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Dead Inside: Do Not Enter — Notes from the Zombie Apocalypse

Dead Inside: Do Not Enter
by Lost Zombies
Chronicle
2011, 160 pages, 8 x 10 x 0.5 inches
$15 Buy a copy on Amazon

Some of my favorite things about zombie movies are the details of the changed world. The dead grass, broken windows, toppled telephone poles, abandoned cars with missing wheels and trunks left open, boarded-up buildings, spent ammo shells, and other signs of struggle and desperation serve to create a fascinatingly creepy environment.

And that’s why I like Dead Inside: Do Not Enter so much. The book consists entirely of letters, hand-written warnings, and pages torn from journal entries that were written during the zombie pandemic. The notes are on matchbooks, napkins, photographs, advertisements, shopping lists, road maps, scraps of cardboard, and gum wrappers. Some of the notes are written with pen and pencil, others are written with lipstick, burnt wood, crayons, and blood.

The messages of the notes themselves tell the tale of the rise of the zombie pandemic, from tentative, joking questions about a “really bad flu,” escalating to confused panic, and later to grim acceptance of the new reality that the survivors now must live in.

In the introduction to Dead Inside, we learn that these notes had been found in a Dora the Explorer backpack. The first note presented in the book was written by the man who killed the owner of the backpack, a girl who was about 10 years old and had been bitten by a zombie (but had not yet turned into one). The man wrote “I opened her backpack and found all these notes and letters. This stuff is poisonous. No one in their right mind should read it. Reading this is like looking into the sun.” – Mark Frauenfelder

September 16, 2014

Anonymous

Anonymous asked:

How do you draw a profile to match the front face? They end up becoming two different people...

zemael:

I used to have a lot of trouble with this myself until I figured out one simple trick. All you gotta do is know how to work with layers in a program like Photoshop, SAI, Manga Studio, etc, or have a ruler if you’re a traditional artist. 

  • 1. Let’s take a look at this dude. I drew the front of the face first and then tried to match the profile the best I could. Looking at it quickly it seems fine, doesn’t it? (well, other than the eyebrows; I forgot he was frowning.) But when you focus you can tell it looks.. well, off, compared to the one to the left.

  • 2. This part can be a bit tricky. Take each layer and change the lines to a different, contrasting color or make it a different opacity (or both) and then overlap them. To make it less confusing, put the layers as "multiply". This way you can see the lines without confusing them too much.  Try adjusting it to match as good as you can. Now when we have all the parts next to each-other, we can tell what’s wrong. The mouth is too high up, the nose is way too short, the eyes are also too high up, the forehead is too big, and the skull is too small. Thank goodness I at least got the neck and chin right! Let’s adjust these things so that they are at least the right height. (For you traditional artist, just use the ruler to measure the parts!)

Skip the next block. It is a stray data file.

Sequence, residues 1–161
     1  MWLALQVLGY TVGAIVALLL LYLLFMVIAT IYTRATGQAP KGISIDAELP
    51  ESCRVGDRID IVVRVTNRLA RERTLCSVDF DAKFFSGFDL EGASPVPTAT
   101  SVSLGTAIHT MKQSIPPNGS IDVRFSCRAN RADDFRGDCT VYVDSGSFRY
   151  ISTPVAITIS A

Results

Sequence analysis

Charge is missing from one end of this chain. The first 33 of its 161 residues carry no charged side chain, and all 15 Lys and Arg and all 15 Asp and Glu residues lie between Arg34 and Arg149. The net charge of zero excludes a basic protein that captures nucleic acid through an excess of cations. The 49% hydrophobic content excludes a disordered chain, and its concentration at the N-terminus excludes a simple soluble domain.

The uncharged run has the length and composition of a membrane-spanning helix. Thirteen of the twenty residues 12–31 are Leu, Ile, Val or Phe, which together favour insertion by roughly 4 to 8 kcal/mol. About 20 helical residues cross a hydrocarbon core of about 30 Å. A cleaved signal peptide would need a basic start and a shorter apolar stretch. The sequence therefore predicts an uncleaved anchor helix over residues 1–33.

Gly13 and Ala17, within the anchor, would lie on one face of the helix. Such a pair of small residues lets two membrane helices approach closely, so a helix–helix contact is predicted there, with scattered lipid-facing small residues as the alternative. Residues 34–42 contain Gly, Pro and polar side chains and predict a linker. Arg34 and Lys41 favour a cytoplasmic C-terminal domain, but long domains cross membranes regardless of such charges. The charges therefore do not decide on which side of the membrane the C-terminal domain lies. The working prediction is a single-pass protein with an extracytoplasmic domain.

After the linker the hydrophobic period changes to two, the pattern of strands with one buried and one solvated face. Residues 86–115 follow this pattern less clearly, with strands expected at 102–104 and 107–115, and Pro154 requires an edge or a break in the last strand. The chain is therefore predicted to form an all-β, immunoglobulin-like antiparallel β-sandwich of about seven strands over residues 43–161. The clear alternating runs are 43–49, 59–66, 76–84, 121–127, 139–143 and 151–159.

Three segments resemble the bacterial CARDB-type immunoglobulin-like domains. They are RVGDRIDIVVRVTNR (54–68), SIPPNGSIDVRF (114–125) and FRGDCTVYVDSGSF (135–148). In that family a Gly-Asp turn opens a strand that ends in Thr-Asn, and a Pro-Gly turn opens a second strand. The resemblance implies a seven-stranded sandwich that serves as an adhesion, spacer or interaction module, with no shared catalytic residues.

• 3. Now the most obvious things are fixed, and we can see a big improvement. Everything matches height-wise. Nothing is glaringly wrong, but there’s still some details that are off. if you look closely, you can see that the cheek doesn’t quite match up, as well as the eye-shape and the nose shape. Also the expression. (On another note, I made the skull on the blue one a bit smaller, just so you don’t get confused. I noticed it was an anatomy error)

  • 4. Fixed the minor details, and as you can see, there was a major difference. I’m going to make different tutorial on noses later on, but how do you know if a nose is down-turned or up-turned by looking at it from the front? Well, a down-turned nose is usually V-shaped, like the guy in my picture. An up-turned nose usually have more visible nostrils. Anyway. I’m happy with the results, let’s put the finished products next to each other.

  • Yep! We can tell it’s the same guy now. Small things make a huge difference, and this trick is really easy once you get used to it. It might feel a bit trippy at first with all the lines  clashing, but as I said, you get used to it. Let’s see the before-and-after.

  • Not quite the same dude.

But yeah, there you go! If you’re interested to see more of my tutorials, just click [here]. Also, send me an ask if you have any tutorial request, I’d love to help!

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